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Tim Genewein

Information-optimal hierarchies for inference and decision-making

Bosch Center for Artificial Intelligence
Stuttgart - Renningen, Germany

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Genewein T, Braun DA (2013) Abstraction in Decision-Makers with Limited Information Processing Capabilities, NIPS 2013 workshop on Planning with Information Constraints. arXiv:1312.4353

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Our paper on “Abstraction in decision-makers with limited information processing capabilities” was presented at the NIPS 2013 workshop on Planning with Information Constraints - you can find the slides of my talk here.

The paper is about constructing optimal decision-makers that have limited computational capacity. As a consequence of these computational limitations we find that natural levels of abstraction emerge in the agent’s behavior.

Bounded rational decision-making

In classical decision-making an agent is presented with an observation and is then faced with the task of picking an optimal action out of a set of actions such that the utility is maximized. This is known as the maximum-expected-utility (MEU) principle. The problem with MEU is that finding the best action out of a large set of actions can be computationally very demanding and for an agent with limited computational resources that has to react within a certain time-limit this search problem can easily become infeasible.

To overcome the intractable search-problem over actions the MEU rule can be replaced with a soft maximum rule where the agent does not seek for the single best action but rather picks the first action that fulfills a certain fidelity constraint. In other words: the agent searches through action space according to some search distribution and picks the first action that is good enough. This is the central idea behind bounded rational decision-making and it can be implemented in many different ways (heuristics, probabilistic approximation schemes, etc.). In the paper we build upon a quantitative probabilistic framework for bounded rational decision-making that is derived from first principles and (perhaps surprisingly) has strong ties to free energy minimization in thermodynamics. The resulting optimization problem for optimal acting under limited computational resources is mathematically equivalent to the problem formulation in rate distortion theory, the information-theoretic framework for lossy compression. In rate distortion theory the goal is to compress information such that a distortion measure is minimized while at the same time not exceeding a limit on the channel capacity. Analogously, the optimality principle for bounded rational acting trades off a large expected utility against low computational cost

The trade-off is a variational problem over the optimal policy that maps world-states to actions such that the expected utility is maximized while at the same time keeping the computational cost low. The computational cost arises because for each the agent has to adapt its behavior from (a prior) to (a posterior) and the average computational effort for this adaptation is measured with the mutual information which is the average KL-divergence from prior to posterior. The factor governs the trade-off and due to the thermodynamic roots of the principle is called the inverse temperature.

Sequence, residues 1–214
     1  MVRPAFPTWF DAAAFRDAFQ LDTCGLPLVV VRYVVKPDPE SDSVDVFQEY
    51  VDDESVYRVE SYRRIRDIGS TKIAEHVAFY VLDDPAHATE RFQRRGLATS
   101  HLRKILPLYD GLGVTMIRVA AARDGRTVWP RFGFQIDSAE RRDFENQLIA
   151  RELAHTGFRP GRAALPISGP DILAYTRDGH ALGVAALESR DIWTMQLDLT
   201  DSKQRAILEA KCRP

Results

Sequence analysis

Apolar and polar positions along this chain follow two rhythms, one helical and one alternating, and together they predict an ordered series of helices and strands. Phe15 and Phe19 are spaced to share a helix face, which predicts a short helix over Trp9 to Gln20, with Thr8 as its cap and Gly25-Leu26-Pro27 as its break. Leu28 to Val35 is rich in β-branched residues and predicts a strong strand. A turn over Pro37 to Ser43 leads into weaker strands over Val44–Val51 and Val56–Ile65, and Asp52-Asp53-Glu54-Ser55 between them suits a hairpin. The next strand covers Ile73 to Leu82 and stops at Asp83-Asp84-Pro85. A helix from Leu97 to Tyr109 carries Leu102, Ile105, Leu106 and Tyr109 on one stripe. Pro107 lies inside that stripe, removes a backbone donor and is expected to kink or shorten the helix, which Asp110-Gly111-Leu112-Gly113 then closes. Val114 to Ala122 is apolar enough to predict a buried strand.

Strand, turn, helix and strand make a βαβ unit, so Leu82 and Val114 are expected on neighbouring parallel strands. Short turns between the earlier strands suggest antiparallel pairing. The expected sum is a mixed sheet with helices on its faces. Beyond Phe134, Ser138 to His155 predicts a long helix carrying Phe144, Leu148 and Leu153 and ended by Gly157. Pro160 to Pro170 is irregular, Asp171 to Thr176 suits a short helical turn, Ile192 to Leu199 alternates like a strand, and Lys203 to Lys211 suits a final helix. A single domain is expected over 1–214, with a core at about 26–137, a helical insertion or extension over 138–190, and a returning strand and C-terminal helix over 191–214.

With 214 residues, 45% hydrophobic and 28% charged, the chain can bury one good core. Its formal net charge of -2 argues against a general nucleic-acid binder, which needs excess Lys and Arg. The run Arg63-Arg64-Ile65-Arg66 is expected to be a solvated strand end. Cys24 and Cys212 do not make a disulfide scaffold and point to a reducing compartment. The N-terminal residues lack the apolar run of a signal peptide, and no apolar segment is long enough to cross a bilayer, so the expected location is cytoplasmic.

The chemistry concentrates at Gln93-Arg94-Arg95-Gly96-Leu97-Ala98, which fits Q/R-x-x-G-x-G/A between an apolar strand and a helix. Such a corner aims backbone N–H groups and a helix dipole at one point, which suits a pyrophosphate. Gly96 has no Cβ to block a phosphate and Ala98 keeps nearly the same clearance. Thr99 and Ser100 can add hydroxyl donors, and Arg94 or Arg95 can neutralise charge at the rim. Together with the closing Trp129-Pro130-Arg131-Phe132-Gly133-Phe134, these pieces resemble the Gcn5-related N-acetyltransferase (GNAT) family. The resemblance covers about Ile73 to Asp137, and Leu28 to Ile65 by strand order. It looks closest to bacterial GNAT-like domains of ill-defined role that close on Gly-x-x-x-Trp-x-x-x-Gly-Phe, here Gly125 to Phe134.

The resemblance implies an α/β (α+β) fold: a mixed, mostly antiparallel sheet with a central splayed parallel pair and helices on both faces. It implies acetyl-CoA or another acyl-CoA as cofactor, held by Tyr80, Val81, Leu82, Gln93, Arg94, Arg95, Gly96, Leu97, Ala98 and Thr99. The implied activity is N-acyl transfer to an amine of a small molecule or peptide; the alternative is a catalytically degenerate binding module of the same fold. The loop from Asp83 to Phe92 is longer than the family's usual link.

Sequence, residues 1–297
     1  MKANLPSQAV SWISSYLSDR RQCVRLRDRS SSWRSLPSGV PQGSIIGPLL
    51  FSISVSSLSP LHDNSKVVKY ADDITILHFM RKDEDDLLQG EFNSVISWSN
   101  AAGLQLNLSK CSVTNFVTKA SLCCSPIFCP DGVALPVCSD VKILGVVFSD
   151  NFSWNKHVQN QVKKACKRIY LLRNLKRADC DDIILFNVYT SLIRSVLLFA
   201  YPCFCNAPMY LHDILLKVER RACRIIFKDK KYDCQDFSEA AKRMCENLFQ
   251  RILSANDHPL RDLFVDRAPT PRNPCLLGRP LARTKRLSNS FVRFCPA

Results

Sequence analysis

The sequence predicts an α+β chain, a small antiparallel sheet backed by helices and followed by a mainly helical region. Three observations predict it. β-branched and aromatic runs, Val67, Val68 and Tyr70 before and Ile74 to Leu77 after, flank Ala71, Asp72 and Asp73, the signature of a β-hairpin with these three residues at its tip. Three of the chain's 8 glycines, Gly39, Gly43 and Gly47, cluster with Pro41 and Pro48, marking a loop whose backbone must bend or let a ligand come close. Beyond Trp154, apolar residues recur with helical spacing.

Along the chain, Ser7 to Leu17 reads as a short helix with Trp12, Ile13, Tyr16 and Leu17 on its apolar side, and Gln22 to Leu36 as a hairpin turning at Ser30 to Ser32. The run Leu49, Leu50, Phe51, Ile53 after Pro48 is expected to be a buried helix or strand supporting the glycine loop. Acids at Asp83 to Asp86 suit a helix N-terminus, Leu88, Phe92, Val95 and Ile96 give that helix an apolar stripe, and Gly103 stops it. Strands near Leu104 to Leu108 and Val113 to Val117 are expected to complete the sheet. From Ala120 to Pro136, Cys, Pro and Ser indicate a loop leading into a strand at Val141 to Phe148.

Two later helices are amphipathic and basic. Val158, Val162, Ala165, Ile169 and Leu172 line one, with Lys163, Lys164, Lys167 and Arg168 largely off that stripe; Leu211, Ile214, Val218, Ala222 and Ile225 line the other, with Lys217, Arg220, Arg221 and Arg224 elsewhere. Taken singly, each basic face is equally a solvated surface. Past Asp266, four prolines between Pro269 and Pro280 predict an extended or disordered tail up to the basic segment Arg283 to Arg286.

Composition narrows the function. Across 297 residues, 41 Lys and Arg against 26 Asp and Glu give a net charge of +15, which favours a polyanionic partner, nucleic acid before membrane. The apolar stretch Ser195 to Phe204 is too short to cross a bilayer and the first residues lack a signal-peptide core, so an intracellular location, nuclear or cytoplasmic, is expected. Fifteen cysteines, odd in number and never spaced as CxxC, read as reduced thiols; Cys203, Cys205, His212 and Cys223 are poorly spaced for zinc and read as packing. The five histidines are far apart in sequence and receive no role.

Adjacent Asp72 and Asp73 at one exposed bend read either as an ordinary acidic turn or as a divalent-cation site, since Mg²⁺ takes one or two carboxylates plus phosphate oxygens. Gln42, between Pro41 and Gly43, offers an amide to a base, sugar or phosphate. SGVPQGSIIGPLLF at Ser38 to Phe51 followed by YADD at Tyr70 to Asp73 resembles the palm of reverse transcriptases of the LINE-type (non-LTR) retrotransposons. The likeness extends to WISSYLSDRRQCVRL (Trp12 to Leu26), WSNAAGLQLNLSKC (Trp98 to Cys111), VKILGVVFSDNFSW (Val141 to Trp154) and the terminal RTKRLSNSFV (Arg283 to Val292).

The optimization problem has a closed-form solution (actually a set of two self-consistent equations) which is well known in information theory and can be computed with the Blahut-Arimoto algorithm.

See Research for more information on the thermodynamic framework and its connection to rate distortion theory.

Bounded rationality and abstractions

Abstractions are formed by reducing the information content of an entity until it only contains crucial information. For instance, consider the abstract concept of a chair: chairs can come in many different colors, materials, sizes and even different particular shapes but there is something crucial to an object to make it a chair and distinguish it from a table or a sofa. In a sense the abstract concept is a lossy compression where irrelevant details (“noise” such as color or material) have been discarded. The problem of finding optimal lossy compressions and forming abstractions are thus tightly related. The information-theoretic principle for bounded rational decision-making can be cast as a lossy compression problem, therefore the principle can also be used to form bounded-optimal abstractions. In decision-making, abstractions translate into behavior where several world-states are treated as if they were the same, meaning that the agent uses the same policy for subsets of world-states.

In the paper we show that the information-theoretic principle for bounded rational acting leads to the formation of behavioral abstractions. Importantly, the inverse temperature controls the granularity and thus the level of abstraction. We illustrate this in the paper with an example and show that the abstractions formed by the principle are shaped by the utility-function and the computational limitations of the agent. Interestingly we find that in our example a low number of levels of abstractions emerge naturally from the utility-structure where behavior within a level of abstraction does not change qualitatively (but does get more or less stochastic). In-between the levels of abstraction there are steep “phase transitions” where behavior abruptly changes qualitatively. See the paper for more details on the example.